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in brief


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in brief


PURSUES EFFICIENT MEANS OF IMPROVING AIR QUALITY + ADDRESSING CLIMATE CHALLENGES

DEVELOPS AND APPLIES GEOS-CHEM + CMAQ ADJOINTS

DELIGHTS IN INFORMATIVE DATA VISUALIZATION

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Attributing Ozone Impacts to Emissions


Tracing human health & ecosystem degradation to emissions sources

CMAQ adjoint / US Power Plant Carbon Standards

Attributing Ozone Impacts to Emissions


Tracing human health & ecosystem degradation to emissions sources

CMAQ adjoint / US Power Plant Carbon Standards

Adjoint sensitivities reveal relative contributions of emissions to specific concentrations or metrics (image - Google Earth)

Aim:

Provide estimates of ozone benefits to human health & ecosystems for potential technological paths to emissions reductions which could achieve regulatory endpoints.

Tools: 

CMAQ adjoint driven by metrics that evaluate the harm to human health and the environment due to ozone exposure incurred in the US during the summer of 2012.

Human Health

Chronic exposure to ozone, often in cities, increases the risk of death from respiratory illness (Jerrett et al., 2009).

Crops & Timber

Reduced yields of common crops and many trees result from exposure to high ozone levels over the growing season.

Ecosystems

Vegetation that serves varied animal populations in parks can be harmed by ozone, affecting interdependent systems.

Change in 8-hr average ozone concentration with elimination of solvent-related VOC emissions.

Change in 8-hr average ozone concentration with elimination of solvent-related VOC emissions.

Previous Work

We quantified the downwind effects of substituting slowly reacting volatile organic compounds (VOCs) in paints and solvents in the Northeastern corridor by evaluating various emissions scenarios with the CMAQ model (Capps et al. 2010).

Exchanging highly reactive VOCs for more slowly reacting ones based on a certain chemical scale reduced the ozone regulatory metric locally, without notable downwind increases.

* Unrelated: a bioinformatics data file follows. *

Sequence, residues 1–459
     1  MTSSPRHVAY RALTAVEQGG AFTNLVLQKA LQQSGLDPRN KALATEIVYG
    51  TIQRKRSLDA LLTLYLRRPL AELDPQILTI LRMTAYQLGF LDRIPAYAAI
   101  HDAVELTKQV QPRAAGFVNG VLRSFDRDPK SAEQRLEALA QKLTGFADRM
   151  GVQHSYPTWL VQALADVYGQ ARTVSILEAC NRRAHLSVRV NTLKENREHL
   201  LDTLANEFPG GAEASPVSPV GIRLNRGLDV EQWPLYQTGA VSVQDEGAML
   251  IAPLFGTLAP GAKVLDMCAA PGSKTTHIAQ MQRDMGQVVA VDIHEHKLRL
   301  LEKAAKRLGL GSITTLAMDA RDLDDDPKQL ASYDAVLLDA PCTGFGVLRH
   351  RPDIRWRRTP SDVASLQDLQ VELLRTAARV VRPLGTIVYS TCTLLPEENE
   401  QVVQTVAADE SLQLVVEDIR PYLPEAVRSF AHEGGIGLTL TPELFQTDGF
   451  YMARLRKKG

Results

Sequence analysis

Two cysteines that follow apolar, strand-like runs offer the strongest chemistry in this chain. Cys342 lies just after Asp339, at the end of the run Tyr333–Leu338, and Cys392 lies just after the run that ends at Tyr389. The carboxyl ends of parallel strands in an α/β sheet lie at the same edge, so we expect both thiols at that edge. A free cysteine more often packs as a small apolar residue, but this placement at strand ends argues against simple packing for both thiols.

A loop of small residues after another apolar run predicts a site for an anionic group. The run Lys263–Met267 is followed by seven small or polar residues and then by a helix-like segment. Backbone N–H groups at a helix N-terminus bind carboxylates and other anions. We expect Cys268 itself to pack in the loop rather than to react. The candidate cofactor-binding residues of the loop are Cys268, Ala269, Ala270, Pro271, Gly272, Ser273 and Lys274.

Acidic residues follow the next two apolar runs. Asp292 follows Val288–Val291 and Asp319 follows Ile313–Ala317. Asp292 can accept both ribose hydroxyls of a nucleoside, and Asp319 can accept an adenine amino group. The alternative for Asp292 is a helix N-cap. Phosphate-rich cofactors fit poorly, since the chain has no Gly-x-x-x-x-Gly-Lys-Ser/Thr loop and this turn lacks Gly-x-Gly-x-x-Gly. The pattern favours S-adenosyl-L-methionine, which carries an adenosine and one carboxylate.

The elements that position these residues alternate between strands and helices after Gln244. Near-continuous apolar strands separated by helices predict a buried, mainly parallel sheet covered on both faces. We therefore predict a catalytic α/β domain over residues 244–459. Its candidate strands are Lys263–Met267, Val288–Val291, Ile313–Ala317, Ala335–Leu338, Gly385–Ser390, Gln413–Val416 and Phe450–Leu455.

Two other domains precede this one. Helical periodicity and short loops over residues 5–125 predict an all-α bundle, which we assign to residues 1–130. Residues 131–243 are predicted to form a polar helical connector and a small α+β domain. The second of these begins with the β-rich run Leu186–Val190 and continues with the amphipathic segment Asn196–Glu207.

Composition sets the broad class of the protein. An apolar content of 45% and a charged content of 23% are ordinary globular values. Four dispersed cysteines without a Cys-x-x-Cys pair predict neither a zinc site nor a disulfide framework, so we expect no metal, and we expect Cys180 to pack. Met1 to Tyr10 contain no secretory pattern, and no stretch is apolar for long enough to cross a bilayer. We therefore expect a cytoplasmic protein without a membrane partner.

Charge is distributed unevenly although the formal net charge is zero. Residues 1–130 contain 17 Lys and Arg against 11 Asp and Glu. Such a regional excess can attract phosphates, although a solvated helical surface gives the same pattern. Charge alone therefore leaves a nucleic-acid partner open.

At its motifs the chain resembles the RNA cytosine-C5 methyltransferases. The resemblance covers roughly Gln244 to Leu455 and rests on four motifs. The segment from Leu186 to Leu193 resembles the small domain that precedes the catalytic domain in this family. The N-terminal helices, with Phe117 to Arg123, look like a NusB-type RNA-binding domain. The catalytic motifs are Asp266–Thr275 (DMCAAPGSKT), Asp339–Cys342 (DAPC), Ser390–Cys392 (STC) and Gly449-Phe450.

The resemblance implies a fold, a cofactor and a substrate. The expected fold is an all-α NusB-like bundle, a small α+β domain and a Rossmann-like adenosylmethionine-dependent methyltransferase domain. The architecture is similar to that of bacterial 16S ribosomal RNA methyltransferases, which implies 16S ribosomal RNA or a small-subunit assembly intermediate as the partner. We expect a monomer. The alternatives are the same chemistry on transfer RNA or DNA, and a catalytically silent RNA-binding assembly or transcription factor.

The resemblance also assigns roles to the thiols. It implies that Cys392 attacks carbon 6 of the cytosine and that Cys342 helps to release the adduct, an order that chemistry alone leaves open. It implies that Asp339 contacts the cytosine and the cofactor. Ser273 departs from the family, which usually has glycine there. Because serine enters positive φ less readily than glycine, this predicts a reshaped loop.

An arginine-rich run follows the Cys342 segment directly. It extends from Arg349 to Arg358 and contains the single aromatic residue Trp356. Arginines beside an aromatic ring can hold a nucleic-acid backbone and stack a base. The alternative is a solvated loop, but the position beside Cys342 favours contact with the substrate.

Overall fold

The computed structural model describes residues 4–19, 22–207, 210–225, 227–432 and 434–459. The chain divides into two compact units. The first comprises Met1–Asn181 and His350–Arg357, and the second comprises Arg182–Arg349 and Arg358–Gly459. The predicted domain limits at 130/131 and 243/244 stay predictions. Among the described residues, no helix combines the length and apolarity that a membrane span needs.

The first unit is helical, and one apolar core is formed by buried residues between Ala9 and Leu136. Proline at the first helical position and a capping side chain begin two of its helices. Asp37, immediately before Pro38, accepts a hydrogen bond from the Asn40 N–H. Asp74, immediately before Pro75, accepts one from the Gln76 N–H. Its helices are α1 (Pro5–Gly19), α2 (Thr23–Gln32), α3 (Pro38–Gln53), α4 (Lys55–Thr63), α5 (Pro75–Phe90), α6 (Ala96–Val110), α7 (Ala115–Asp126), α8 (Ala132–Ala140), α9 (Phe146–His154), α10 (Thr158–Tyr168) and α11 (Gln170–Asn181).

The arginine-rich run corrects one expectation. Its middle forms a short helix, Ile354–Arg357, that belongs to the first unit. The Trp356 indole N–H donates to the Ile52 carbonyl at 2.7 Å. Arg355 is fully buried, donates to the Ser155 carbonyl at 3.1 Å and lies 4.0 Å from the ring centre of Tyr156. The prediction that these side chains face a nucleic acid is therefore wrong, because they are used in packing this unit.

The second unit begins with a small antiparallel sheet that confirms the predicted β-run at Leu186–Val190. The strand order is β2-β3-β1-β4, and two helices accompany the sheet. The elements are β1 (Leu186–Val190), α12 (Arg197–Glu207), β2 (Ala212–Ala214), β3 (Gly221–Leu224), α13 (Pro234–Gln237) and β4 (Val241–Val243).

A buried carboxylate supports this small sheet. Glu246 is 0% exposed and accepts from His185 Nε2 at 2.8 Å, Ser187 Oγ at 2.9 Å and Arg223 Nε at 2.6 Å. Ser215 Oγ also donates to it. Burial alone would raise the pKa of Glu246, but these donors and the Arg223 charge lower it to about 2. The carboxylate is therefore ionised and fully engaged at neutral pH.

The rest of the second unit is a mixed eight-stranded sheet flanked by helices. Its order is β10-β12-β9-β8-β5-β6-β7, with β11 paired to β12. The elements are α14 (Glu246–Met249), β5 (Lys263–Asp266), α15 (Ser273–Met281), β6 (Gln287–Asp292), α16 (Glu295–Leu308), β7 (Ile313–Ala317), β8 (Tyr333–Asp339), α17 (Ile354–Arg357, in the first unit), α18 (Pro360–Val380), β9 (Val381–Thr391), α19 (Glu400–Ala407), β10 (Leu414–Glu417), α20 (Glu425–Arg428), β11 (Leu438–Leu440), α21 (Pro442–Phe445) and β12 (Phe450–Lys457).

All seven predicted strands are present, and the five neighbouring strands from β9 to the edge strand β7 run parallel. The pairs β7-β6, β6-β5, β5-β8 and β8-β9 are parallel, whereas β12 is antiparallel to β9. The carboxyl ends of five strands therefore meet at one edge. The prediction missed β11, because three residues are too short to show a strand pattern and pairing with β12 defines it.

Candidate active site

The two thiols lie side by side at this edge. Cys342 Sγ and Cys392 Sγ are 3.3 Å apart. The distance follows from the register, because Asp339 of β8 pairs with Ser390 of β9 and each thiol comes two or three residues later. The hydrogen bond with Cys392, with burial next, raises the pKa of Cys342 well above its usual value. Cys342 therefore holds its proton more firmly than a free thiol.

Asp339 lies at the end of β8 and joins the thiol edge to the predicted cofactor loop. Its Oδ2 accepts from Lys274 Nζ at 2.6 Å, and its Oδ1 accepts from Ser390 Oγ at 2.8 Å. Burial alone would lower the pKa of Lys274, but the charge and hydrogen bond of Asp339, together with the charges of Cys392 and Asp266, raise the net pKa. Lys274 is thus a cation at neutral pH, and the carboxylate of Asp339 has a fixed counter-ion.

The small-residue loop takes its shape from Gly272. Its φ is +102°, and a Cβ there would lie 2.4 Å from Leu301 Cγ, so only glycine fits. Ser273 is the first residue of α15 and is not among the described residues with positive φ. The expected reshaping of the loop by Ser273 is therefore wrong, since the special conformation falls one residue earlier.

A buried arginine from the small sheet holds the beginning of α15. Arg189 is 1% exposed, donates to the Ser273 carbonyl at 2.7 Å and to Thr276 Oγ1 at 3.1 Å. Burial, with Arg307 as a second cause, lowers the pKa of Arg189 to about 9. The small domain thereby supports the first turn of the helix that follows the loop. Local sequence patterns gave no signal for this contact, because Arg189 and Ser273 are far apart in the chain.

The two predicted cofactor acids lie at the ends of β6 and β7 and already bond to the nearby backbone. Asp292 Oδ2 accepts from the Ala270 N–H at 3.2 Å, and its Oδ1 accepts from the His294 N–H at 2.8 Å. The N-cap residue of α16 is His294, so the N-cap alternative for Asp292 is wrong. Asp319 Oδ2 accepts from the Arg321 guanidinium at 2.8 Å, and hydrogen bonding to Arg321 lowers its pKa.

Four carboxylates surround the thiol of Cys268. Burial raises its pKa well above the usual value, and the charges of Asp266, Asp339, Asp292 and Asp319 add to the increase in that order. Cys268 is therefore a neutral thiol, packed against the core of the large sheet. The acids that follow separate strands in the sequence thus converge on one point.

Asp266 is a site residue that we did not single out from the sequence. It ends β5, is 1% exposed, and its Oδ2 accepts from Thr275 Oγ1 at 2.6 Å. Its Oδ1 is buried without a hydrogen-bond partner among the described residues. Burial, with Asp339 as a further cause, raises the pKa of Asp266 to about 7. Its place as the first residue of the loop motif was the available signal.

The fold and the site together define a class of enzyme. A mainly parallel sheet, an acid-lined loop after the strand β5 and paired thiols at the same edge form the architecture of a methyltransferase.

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Assessing Sources of Aerosol Indirect Effect


Relative influence of emissions on cloud brightness

GEOS-Chem adjoint / cloud droplet activation adjoint

Assessing Sources of Aerosol Indirect Effect


Relative influence of emissions on cloud brightness

GEOS-Chem adjoint / cloud droplet activation adjoint

 structure of Nenes & Seinfeld droplet activation parameterization augmented with adjoint sensitivity analysis.

Aerosol Indirect Effect

If you have ever breathed air filled with small particles, you probably know that humans respond to air loaded with lots of aerosol negatively.  Clouds also change when concentrations of aerosol or, more specifically, cloud condensation nuclei (CCN) are nearby. Because cloud droplets form on aerosol, the number of CCN present at the base of the cloud affects the concentration of droplets in the cloud. Concentrations of cloud droplets largely determine how much light will reflect off the top of the cloud and how much will get through to the earth (or clouds) below.

Linking Emissions to Clouds

The connection of emissions to indirect radiative effects of aerosol is an aspect of the climate system about which scientists are more uncertain. By using computers and math to represent the chemical and physical transformations of gaseous and aerosol emissions in the atmosphere, we can evaluate the impacts that humans have on the reflectivity of clouds. To do so efficiently, though, sensitivity analysis tools like adjoints are excellent.  

Previous Work

We have developed the adjoint of the updated Nenes and Seinfeld droplet activation parameterization and applied it to the results of two global chemical transport models to understand the relationship of cloud formation parameters and aerosol droplet concentrations. 

adjoint-based attribution of cloud droplet concentrations to emissions regionally

For more details see the following articles.
  • Karydis, V. A., Capps, S. L., Russell, A. G., and Nenes, A.: Adjoint sensitivity of global cloud droplet number to aerosol and dynamical parameters, Atmos. Chem. Phys., 12, 9041-9055, doi:10.5194/acp-12-9041-2012, 2012. { pdf }
  •  Karydis, V. A., Capps, S. L., Moore, R. H., Russell, A. G., Henze, D. K., and Nenes, A.: Using a global aerosol model adjoint to unravel the footprint of spatially-distributed emissions on cloud droplet number and cloud albedo, Geophys. Res. Lett., 39, L24804, doi:10.1029/2012GL053346, 2012. { pdf }

Ongoing work

After incorporating the adjoint of ISORROPIA and the droplet adjoint in the GEOS-Chem adjoint framework, we seek to understand these effects in the coupled model.

  • Capps, S. L., Henze, D. K., Hakami, A., Russell, A. G., and Nenes, A.: ANISORROPIA: the adjoint of the aerosol thermodynamic model ISORROPIA, Atmos. Chem. Phys., 12, 527-543, doi:10.5194/acp-12-527-2012, 2012. pdf

Image from NASA